National Oceanic and
Atmospheric Administration
United States Department of Commerce


FY 2009

Cirene: Air-sea interactions in the Seychelles-Chagos thermocline ridge region

Vialard, J., J.P. Duvel, M. McPhaden, P. Bouruet-Aubertot, B. Ward, E. Key, D. Bourras, R. Weller, P. Minnett, A. Weill, C. Cassou, L. Eymard, T. Fristedt, C. Basdevant, Y. Dandonneau, O. Duteil, T. Izumo, C. de Boyer Montégut, S. Masson, F. Marsac, C. Menkes, and S. Kennan

Bull. Am. Meteorol. Soc., 90(1), 45–61, doi: 10.1175/2008BAMS2499.1 (2009)

The Vasco—Cirene field experiment, in January—February 2007, targeted the Seychelles—Chagos thermocline ridge (SCTR) region, with the main purpose of investigating Madden—Julian Oscillation (MJO)-related SST events. The Validation of the Aeroclipper System under Convective Occurrences (Vasco) experiment (Duvel et al. 2009) and Cirene cruise were designed to provide complementary views of air—sea interaction in the SCTR region. While meteorological balloons were deployed from the Seychelles as a part of Vasco, the Research Vessel (R/V) Suroît was cruising the SCTR region as a part of Cirene.


The Vasco—Cirene program explores how strong air—sea interactions promoted by the shallow thermocline and high sea surface temperature in the Seychelles—Chagos thermocline ridge results in marked variability at synoptic, intraseasonal, and interannual time scales. The Cirene oceanographic cruise collected oceanic, atmospheric, and air—sea flux observations in this region in January—February 2007. The contemporaneous Vasco field experiment complemented these measurements with balloon deployments from the Seychelles. Cirene also contributed to the development of the Indian Ocean observing system via deployment of a mooring and 12 Argo profilers.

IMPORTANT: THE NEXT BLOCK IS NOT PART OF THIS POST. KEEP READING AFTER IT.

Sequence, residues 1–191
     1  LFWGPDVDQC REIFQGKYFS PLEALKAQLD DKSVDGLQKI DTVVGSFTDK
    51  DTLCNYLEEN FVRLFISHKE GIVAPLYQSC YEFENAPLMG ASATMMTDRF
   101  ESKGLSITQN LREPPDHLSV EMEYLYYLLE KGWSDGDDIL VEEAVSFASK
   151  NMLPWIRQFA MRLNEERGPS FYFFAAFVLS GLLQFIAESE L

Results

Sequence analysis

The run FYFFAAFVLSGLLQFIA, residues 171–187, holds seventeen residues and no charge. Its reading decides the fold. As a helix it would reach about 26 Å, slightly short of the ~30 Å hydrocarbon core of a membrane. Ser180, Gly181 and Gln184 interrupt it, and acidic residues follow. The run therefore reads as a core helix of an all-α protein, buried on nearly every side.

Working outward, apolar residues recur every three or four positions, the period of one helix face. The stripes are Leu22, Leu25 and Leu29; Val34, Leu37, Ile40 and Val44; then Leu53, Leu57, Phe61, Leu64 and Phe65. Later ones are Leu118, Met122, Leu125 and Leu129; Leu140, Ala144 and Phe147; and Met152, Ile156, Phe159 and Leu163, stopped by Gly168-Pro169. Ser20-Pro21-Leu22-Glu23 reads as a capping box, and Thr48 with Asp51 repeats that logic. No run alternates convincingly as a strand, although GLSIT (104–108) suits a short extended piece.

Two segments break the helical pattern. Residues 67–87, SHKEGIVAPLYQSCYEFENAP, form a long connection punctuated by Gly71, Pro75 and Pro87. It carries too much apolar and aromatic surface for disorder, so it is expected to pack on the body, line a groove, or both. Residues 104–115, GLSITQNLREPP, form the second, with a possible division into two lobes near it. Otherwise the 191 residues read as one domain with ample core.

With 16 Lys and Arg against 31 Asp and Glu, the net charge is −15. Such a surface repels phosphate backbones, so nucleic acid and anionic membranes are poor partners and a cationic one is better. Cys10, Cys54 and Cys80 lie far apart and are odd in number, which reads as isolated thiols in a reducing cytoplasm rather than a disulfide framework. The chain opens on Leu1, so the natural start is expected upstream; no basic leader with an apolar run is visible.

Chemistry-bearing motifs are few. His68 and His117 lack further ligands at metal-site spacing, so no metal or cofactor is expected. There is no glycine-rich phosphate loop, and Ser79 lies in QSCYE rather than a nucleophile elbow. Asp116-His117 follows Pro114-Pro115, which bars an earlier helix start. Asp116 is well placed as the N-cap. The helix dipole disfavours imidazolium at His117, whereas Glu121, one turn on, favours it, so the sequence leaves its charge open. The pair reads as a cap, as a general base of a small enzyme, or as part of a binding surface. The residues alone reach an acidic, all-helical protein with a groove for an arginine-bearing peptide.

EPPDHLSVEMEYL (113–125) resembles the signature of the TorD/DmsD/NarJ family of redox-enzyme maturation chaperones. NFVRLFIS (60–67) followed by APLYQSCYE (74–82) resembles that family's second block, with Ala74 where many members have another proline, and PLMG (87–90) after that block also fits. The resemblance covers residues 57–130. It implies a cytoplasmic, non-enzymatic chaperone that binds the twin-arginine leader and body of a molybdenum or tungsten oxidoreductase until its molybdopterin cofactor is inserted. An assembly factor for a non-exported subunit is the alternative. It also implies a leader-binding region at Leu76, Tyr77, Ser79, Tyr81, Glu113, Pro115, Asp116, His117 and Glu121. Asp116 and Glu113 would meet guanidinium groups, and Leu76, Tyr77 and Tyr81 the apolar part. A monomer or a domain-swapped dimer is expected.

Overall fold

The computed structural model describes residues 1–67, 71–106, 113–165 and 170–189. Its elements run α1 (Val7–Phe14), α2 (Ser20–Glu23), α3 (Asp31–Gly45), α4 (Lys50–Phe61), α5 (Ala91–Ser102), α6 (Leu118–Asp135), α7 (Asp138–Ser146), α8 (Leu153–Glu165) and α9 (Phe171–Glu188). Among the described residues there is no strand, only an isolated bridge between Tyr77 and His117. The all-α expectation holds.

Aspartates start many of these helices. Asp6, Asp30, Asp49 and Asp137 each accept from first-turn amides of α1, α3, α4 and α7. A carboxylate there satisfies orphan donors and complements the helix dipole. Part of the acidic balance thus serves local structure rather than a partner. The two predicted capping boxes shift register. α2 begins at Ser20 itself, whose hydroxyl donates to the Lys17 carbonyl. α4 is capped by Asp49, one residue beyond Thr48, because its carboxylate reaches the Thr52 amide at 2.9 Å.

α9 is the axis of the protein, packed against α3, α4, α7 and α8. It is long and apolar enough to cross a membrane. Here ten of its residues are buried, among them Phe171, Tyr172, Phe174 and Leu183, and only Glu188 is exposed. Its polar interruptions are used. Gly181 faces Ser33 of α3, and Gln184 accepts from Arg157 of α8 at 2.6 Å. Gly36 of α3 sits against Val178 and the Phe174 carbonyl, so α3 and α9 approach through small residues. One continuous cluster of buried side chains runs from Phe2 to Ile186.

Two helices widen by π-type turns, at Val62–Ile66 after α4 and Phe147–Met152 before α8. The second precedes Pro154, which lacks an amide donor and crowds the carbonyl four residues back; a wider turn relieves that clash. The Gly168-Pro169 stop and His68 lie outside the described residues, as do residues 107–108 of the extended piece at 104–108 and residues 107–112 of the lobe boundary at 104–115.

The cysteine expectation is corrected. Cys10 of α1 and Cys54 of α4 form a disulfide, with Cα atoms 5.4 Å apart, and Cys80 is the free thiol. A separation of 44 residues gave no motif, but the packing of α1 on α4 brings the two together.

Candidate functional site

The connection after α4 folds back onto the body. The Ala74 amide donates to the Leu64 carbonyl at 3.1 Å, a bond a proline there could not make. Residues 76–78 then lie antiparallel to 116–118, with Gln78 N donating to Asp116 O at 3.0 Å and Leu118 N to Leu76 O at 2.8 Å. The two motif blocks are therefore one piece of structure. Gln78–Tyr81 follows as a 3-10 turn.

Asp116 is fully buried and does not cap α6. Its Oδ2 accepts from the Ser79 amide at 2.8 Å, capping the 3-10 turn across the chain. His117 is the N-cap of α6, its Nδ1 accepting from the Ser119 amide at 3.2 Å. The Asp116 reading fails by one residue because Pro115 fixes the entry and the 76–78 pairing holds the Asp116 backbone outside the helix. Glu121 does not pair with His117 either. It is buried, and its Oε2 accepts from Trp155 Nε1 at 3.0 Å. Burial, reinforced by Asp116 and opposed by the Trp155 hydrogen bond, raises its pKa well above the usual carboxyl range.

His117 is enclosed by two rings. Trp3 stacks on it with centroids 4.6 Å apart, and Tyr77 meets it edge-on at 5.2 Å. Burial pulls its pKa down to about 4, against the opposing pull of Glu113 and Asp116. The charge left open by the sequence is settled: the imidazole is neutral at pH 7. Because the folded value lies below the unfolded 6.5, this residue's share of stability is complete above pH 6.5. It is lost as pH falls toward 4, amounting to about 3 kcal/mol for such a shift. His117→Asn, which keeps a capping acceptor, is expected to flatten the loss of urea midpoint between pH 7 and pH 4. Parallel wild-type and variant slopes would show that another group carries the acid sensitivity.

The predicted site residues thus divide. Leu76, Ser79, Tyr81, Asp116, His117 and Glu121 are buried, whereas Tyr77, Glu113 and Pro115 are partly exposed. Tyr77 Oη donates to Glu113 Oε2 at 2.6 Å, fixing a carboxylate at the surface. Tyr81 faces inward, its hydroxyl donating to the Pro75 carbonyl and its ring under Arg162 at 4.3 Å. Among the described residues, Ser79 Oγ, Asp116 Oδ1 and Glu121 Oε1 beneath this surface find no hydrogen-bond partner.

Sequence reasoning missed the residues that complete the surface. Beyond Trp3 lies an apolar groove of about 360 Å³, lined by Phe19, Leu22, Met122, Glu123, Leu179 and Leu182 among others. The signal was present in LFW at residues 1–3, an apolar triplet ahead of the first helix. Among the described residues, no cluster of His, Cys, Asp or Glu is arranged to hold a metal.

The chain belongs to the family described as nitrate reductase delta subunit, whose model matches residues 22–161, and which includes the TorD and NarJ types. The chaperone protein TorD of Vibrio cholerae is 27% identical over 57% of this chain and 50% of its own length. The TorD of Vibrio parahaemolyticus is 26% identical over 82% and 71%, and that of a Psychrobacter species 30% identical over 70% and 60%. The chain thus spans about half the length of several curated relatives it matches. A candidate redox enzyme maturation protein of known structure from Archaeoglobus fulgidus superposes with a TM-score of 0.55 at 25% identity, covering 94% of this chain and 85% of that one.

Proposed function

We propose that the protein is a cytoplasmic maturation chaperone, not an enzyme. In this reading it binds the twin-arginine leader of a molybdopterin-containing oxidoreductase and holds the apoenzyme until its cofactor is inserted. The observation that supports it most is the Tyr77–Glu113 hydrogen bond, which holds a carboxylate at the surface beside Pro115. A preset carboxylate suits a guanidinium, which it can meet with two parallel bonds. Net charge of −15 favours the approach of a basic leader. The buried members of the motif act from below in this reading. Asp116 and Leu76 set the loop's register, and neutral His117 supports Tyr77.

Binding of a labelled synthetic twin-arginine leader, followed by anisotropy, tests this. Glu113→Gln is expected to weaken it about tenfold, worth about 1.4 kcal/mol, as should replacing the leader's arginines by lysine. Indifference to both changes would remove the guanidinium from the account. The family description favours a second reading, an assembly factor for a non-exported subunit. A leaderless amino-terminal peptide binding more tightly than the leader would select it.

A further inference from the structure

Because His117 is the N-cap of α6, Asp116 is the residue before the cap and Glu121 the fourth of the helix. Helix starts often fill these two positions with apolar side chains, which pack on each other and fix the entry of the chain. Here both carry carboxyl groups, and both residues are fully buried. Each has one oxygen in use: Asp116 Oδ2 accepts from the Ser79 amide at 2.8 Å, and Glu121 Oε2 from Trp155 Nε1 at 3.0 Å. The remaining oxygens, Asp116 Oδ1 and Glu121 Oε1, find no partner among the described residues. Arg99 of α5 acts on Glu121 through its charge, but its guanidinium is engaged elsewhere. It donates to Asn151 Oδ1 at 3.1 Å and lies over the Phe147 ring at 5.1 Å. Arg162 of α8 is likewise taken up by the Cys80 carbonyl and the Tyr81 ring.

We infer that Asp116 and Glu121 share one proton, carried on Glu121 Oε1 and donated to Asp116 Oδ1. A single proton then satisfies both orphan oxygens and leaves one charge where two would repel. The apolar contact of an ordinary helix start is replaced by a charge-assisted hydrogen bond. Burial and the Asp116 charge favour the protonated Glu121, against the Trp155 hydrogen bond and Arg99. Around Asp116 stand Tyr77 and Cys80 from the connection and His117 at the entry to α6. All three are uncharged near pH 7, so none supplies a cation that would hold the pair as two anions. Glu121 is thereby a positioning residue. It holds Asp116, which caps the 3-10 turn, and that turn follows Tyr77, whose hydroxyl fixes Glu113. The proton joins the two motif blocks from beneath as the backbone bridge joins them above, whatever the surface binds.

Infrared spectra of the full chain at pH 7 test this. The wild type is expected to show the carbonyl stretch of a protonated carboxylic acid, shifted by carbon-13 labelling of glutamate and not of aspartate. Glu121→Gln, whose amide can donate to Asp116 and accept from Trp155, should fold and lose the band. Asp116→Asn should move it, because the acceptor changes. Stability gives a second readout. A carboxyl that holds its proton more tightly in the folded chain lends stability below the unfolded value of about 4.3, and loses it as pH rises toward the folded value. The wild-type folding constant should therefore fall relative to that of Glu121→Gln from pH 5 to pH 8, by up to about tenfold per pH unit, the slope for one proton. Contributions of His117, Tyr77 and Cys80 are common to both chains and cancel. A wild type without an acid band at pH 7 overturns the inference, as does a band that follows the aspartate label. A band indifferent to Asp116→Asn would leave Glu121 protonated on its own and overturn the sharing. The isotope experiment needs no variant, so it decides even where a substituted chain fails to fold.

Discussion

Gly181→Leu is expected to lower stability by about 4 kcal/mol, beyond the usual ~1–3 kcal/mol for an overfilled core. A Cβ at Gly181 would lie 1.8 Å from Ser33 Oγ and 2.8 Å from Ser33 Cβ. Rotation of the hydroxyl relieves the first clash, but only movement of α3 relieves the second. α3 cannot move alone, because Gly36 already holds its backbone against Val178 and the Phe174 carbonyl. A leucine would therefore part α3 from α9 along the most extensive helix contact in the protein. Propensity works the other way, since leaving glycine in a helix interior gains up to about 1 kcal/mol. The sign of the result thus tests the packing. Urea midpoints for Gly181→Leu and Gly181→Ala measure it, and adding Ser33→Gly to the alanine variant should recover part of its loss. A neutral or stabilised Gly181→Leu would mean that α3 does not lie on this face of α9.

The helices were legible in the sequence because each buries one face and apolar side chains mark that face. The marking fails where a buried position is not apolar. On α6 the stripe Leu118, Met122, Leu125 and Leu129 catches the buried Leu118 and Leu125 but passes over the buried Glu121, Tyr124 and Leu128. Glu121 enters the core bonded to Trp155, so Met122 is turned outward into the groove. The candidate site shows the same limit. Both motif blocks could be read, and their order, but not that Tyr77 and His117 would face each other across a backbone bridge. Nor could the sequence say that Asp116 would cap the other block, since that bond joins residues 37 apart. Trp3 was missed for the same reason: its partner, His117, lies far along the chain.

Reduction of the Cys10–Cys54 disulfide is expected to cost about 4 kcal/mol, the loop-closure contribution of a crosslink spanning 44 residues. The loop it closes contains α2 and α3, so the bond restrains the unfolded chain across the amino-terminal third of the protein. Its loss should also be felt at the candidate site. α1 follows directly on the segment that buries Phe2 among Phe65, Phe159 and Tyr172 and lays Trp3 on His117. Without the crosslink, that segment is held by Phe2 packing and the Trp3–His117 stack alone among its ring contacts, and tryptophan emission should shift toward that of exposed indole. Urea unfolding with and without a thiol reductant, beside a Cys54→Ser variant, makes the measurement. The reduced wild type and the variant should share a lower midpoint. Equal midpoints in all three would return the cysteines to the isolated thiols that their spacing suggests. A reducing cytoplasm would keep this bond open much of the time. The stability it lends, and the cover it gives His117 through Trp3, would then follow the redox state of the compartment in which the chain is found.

Unusual conditions prevailed in the Indian Ocean during January and February 2007, following the Indian Ocean dipole climate anomaly of late 2006. Cirene measurements show that the Seychelles—Chagos thermocline ridge had higher-than-usual heat content with subsurface anomalies up to 7°C. The ocean surface was warmer and fresher than average, and unusual eastward currents prevailed down to 800 m. These anomalous conditions had a major impact on tuna fishing in early 2007. Our dataset also sampled the genesis and maturation of Tropical Cyclone Dora, including high surface temperatures and a strong diurnal cycle before the cyclone, followed by a 1.5°C cooling over 10 days. Balloonborne instruments sampled the surface and boundary layer dynamics of Dora. We observed small-scale structures like dry-air layers in the atmosphere and diurnal warm layers in the near-surface ocean. The Cirene data will quantify the impact of these finescale features on the upper-ocean heat budget and atmospheric deep convection.

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